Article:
Gulf Craft Ambassador 32
With a seafaring history going back thousands of years, it’s unsurprising that the United Arab Emirates is home to one of the world’s most prolific boatbuilders – Gulf Craft Inc. The company’s new Ambassador 32, writes Gary Lovell, will sit easily with our market.
despite attempts by the local agent (Gulf Craft New Zealand Ltd) to ‘dress’ the boat for fishing (rocket launcher, game poles and bait board), for me this Ambassador is the kind of boat I’d throw the kids in for a weekend away and not have to worry too much about them.
Perhaps if I were a keen fisher my view of the boat would be different – and I can’t argue that the large cockpit and wide platform are certainly a practical platform for casting a line and retrieving those 20kg kingfish other people seem to catch. But for me, the portofino boarding platform is an ideal place for launching and retrieving kids.
Gulf Craft Inc. produces fibreglass launches ranging from 31 to 85 feet, all certified to US Coastguard safety standards. The company’s proximity to the large, wealthy European and Mediterranean markets, coupled with a tax-free environment and access to a large, labour pool enables it to produce very price-competitive vessels.
This Ambassador 32 – the first in the country – is destined for the Dreamboats charter fleet in Tauranga, and will give clients another, very comfortable boating option.
It has a moulded look with no real foredeck: the cabin top rises gently from the prow back to the wheelhouse. A gentle lateral curve makes this a reasonably stable platform and the slight indentations to both sides of the cabin top are great spots for sun worshippers.
The saloon/wheelhouse starts about 3.3m back from the bow and the curved windscreen is topped with a high bullnose leading edge, enhancing the boat’s no-nonsense looks. The top itself is reasonably flat, with two large moon hatches (they lift slightly or slide right back). It runs back to an arch at the rear, which leaves just enough room on the trailing edge for the rocket launcher.
A spacious cockpit (2.87m by 2.53m) has enough height to the coamings to leave you at ease while the kids play. Access to the boarding platform is a walkthrough with a clear acrylic, swinging gate. Cockpit sides are smooth (no shelves) so the area can be cleaned with a brush and a hose in a couple of minutes.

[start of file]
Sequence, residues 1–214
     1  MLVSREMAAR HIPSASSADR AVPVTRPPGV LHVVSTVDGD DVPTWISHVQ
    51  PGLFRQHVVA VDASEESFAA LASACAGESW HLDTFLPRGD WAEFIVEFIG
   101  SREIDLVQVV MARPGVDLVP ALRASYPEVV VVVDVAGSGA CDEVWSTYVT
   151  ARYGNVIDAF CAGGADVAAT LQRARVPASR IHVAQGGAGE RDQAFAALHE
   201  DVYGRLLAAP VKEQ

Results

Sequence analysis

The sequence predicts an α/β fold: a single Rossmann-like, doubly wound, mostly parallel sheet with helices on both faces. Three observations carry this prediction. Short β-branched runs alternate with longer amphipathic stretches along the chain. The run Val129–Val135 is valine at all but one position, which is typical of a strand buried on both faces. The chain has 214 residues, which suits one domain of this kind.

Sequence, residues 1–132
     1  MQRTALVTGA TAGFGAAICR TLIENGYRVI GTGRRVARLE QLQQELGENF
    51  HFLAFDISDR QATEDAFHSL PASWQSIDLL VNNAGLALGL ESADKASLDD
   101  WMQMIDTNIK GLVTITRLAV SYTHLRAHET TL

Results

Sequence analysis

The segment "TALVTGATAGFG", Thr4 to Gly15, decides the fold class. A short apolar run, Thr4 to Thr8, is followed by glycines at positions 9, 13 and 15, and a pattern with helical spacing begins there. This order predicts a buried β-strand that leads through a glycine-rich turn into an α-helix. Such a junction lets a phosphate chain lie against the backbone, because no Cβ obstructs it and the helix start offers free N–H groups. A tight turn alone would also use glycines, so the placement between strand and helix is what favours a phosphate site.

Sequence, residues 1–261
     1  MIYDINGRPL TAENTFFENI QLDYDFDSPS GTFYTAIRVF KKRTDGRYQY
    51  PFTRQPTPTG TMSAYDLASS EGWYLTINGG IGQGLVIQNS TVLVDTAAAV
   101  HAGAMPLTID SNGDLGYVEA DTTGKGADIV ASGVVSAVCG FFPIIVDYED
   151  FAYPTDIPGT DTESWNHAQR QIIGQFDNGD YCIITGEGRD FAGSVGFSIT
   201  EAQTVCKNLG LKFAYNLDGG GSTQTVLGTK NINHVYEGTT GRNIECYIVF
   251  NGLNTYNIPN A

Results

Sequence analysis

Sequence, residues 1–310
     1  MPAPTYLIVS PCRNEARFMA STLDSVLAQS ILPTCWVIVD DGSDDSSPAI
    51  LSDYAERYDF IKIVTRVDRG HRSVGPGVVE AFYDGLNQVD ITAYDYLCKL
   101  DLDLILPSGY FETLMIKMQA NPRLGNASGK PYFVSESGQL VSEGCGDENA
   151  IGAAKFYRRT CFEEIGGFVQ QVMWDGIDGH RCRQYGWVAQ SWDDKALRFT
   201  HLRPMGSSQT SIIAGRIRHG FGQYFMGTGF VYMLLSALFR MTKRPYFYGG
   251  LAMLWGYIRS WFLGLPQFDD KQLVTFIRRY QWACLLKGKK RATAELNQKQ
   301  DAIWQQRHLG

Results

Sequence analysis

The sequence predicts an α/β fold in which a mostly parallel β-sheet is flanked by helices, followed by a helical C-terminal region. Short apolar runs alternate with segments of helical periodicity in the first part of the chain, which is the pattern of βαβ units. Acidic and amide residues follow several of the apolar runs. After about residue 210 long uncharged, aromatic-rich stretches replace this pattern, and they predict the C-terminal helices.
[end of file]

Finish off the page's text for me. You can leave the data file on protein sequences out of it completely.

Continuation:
Set into a recess in the transom is a well-padded, comfortable fold-down seat with solid, tubular legs. Under a large hatch towards the rear of the cockpit sits Volvo D6-310 diesel engine (driving a DPH duoprop sterndrive). Gulf Craft Inc also offers an optional layout – twin 200hp outboard engines.
There’s allows plenty of room around the engine and the wide hatch gives good access to both sides. The forward cockpit hatch offers large storage potential and, because the two compartments are separated by a removable panel rather than a fixed bulkhead, the forward end of the engine is accessible through this hatch.
Stepping through the sliding glass door into the saloon takes you into a world of comfort bordering on luxury, with well-padded leatherette seats surrounding a cherrywood table that offers dining space for four adults (five at a pinch).
It’s a roomy area, with plenty of light from the surround windows and two sliding hatches in the roof. A large storage bin (under the aft end of the bench seat), could be used for a freezer unit. The practical teak and holly veneer floor adds to the sense of luxury, as does the cherry wood fascia above the windows extending right around the saloon.
Opposite the seating is a Corian benchtop, fitted with an upstand on three sides. It contains a single-ring, electric ceramic cooktop, a good-sized sink and a reasonable preparation area. A 12 volt, front-opening fridge, a bank of three drawers and a storage locker sit below the benchtop.